Gender And Gender Equality : Prejudice And Lack Of Understanding

1031 Words Mar 17th, 2016 5 Pages
We have all the time in the world meaning we can achieve anything we wish. With twenty-four hours in a day, any woman or man could accomplish amazing feats. But whether we look to our past or present there is always something that we do to limit the genders. We have denied other genders and yet we have described ourselves, Australians, as accepting and kind? We have laws to prevent discrimination, and days to celebrate the forgotten, but this is not enough. If we truly valued and believed in gender equality our attitudes would be much more positive. We are confronted by degradation, forgetfulness and lack of understanding. Is it the fault of not being taught about acceptance? Is stereotyping and gender normativity our downfall as Australian 's - as human beings?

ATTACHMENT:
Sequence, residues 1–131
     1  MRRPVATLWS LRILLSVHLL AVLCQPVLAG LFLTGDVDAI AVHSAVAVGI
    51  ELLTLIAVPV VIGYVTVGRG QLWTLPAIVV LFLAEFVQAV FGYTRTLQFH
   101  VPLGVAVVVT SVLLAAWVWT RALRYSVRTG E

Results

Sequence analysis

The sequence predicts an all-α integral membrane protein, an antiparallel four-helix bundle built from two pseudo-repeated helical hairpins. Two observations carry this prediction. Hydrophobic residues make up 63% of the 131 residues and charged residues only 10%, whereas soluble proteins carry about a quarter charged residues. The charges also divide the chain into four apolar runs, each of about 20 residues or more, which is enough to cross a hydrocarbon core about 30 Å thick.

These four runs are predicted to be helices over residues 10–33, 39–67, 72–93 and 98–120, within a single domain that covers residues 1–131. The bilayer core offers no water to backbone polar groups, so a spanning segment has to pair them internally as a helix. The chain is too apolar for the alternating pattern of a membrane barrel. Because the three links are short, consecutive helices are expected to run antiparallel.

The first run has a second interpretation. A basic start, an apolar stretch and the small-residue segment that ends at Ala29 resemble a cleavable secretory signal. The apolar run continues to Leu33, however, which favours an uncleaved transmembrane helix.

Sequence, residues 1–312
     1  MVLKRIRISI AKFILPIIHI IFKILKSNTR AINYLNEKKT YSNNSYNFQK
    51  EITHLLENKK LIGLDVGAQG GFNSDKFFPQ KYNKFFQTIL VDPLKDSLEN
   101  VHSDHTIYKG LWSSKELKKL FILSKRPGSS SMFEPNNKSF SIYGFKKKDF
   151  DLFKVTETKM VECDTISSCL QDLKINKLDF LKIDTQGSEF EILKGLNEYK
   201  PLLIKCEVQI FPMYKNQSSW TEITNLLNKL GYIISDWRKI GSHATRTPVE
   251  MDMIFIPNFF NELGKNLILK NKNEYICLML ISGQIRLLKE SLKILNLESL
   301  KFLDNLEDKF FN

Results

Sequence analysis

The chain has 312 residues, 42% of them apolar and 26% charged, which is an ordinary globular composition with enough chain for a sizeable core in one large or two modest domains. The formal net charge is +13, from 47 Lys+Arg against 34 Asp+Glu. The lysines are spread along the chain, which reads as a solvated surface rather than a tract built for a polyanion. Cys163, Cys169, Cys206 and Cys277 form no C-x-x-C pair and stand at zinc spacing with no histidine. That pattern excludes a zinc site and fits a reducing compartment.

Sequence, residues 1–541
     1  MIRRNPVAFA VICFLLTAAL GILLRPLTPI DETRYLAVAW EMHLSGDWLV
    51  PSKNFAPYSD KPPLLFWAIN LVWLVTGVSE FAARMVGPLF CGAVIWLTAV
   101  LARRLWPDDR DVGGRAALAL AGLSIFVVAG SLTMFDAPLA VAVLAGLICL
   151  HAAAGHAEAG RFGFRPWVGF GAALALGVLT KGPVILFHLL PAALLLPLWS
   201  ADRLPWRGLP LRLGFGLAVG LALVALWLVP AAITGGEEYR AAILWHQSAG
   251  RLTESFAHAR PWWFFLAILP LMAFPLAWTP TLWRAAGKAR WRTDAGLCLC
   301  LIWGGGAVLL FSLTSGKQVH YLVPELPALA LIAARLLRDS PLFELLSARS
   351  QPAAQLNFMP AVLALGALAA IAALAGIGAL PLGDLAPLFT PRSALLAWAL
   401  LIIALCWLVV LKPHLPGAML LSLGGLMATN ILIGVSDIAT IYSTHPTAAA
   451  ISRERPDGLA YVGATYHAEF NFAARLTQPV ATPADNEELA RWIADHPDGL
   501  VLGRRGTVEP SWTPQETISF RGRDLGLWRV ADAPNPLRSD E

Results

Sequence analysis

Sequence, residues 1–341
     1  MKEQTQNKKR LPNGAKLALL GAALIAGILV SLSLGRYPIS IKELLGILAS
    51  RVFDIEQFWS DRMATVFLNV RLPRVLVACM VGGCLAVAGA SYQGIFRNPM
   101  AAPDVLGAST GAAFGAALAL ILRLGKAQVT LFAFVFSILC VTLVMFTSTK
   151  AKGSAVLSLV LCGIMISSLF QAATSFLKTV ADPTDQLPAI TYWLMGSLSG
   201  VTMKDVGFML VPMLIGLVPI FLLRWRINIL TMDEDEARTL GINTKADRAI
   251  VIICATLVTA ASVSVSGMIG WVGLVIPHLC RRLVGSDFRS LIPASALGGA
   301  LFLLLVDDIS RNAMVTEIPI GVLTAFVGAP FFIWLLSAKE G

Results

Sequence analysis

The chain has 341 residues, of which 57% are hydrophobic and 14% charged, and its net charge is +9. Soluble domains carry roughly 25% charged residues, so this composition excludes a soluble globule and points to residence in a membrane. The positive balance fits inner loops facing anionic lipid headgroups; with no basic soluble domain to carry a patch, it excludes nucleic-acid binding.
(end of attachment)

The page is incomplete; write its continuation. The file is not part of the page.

Historically, Caucasian men held the power, leaving women marginalised and oppressed furthermore, submissive and inferior to men. In this patriarchal society only men could prosper. Women were refused schooling; they were merely taught how to cook, clean and look after the needs of men and children. They were assigned their gender roles and were held subservient. In the 1998 novel Deadly, Unna? by Phillip Gwynne, Gary "Blacky" Black lived in a community where men were predominant. There are very few female characters present throughout the novel, the women’s purpose was to give advice and tend to the children or even to be a simple love interest. At many points, his mother is seen doing chores such as laundry and…

Related Documents